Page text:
Freedom of the Press
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Press Freedom Score (0 = best, 100 = worst)
Legal Environment(0 = best, 30 = worst)
Political Environment(0 = best, 40 = worst)
Economic Environment(0 = best, 30 = worst)
Although Article 15 of the constitution affords the right to express and disseminate “opinions by word, pen, or image,” the government imposes restrictions on the independent press. Free speech is limited by prohibitions on slander and the dissemination of “false information” as well as difficulties in obtaining broadcasting licenses, arrest and detention of journalists, seizure of newspapers, and high court fines for “offensive” reporting, according to the British Broadcasting Corporation (BBC). The U.S. military presence in Djibouti creates additional pressure for self-censorship, as journalists are encouraged not to report on soldiers’ activities. On May 30, a journalist for the government broadcast operator Radiodiffusion-Television de Djibouti was suspended for three months for broadcasting a story on a child who reportedly had avian influenza and whose mother denied the illness, accusing the Ministry of Health of creating the story to try to obtain foreign assistance.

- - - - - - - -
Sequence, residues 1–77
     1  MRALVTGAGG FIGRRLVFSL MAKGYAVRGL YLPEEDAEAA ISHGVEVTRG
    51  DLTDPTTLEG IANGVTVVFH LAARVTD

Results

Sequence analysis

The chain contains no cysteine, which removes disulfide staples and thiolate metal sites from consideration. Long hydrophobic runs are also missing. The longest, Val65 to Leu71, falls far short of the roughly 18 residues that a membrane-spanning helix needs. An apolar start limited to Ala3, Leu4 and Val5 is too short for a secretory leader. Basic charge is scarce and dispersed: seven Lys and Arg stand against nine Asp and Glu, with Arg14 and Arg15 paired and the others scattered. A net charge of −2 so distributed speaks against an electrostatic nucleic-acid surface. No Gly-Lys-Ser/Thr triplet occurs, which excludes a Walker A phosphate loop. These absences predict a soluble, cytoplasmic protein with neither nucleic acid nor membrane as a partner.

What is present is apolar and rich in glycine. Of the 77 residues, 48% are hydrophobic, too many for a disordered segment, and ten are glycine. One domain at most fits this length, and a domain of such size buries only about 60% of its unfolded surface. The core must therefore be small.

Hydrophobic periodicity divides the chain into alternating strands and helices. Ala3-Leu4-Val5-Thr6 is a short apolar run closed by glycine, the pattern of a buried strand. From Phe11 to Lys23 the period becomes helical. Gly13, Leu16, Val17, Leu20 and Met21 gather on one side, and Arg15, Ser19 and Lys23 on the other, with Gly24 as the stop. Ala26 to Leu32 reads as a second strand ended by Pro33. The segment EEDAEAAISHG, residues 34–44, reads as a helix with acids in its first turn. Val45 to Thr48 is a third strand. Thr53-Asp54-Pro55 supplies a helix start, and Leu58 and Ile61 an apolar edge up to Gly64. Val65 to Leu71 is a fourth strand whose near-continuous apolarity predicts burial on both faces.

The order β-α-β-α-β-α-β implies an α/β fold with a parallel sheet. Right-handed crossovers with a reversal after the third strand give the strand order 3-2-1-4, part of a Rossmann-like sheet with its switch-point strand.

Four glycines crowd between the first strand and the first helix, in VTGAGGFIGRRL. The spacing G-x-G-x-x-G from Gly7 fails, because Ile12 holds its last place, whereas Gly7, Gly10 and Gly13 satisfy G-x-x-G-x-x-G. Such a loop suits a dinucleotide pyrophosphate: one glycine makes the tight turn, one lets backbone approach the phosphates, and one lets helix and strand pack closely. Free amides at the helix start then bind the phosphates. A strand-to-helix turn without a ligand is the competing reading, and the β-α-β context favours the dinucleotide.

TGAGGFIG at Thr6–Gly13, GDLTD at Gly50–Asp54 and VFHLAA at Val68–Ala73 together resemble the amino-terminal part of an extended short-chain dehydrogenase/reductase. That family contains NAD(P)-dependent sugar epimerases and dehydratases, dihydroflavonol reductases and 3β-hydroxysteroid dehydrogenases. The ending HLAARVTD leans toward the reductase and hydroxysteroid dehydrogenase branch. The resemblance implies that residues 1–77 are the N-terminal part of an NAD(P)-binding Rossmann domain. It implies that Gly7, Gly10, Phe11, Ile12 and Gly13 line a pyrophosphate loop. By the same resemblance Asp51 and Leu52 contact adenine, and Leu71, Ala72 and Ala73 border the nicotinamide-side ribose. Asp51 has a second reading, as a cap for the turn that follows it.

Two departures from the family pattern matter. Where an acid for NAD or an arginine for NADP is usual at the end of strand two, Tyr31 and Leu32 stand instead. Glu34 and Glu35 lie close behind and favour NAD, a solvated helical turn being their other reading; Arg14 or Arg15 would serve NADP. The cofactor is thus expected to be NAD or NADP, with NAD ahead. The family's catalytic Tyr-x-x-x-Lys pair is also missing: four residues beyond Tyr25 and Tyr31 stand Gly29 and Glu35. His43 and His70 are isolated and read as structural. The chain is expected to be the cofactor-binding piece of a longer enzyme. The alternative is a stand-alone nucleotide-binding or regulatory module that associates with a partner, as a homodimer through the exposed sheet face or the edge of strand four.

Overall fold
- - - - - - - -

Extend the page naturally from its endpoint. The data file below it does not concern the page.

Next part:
Because of extreme poverty, radio is the most popular news medium, as few can afford newspapers or TV sets. Television and radio broadcasts are controlled by the government and report favorably on government activities; however, the BBC World Service, Radio France Internationale, and Voice of America are also accessible. The largest newspaper is the biweekly government-owned La Nation, though opposition parties also print two weekly papers—Le Renouveau and Le Republique. The only internet service provider is government owned. In January, the website of the Association for Respect of Human Rights in Djibouti (ARDHD) was blocked. The ARDHD is often critical of the government, which denied involvement in the blocking. Just over 1 percent of the population was able to access the internet in 2006.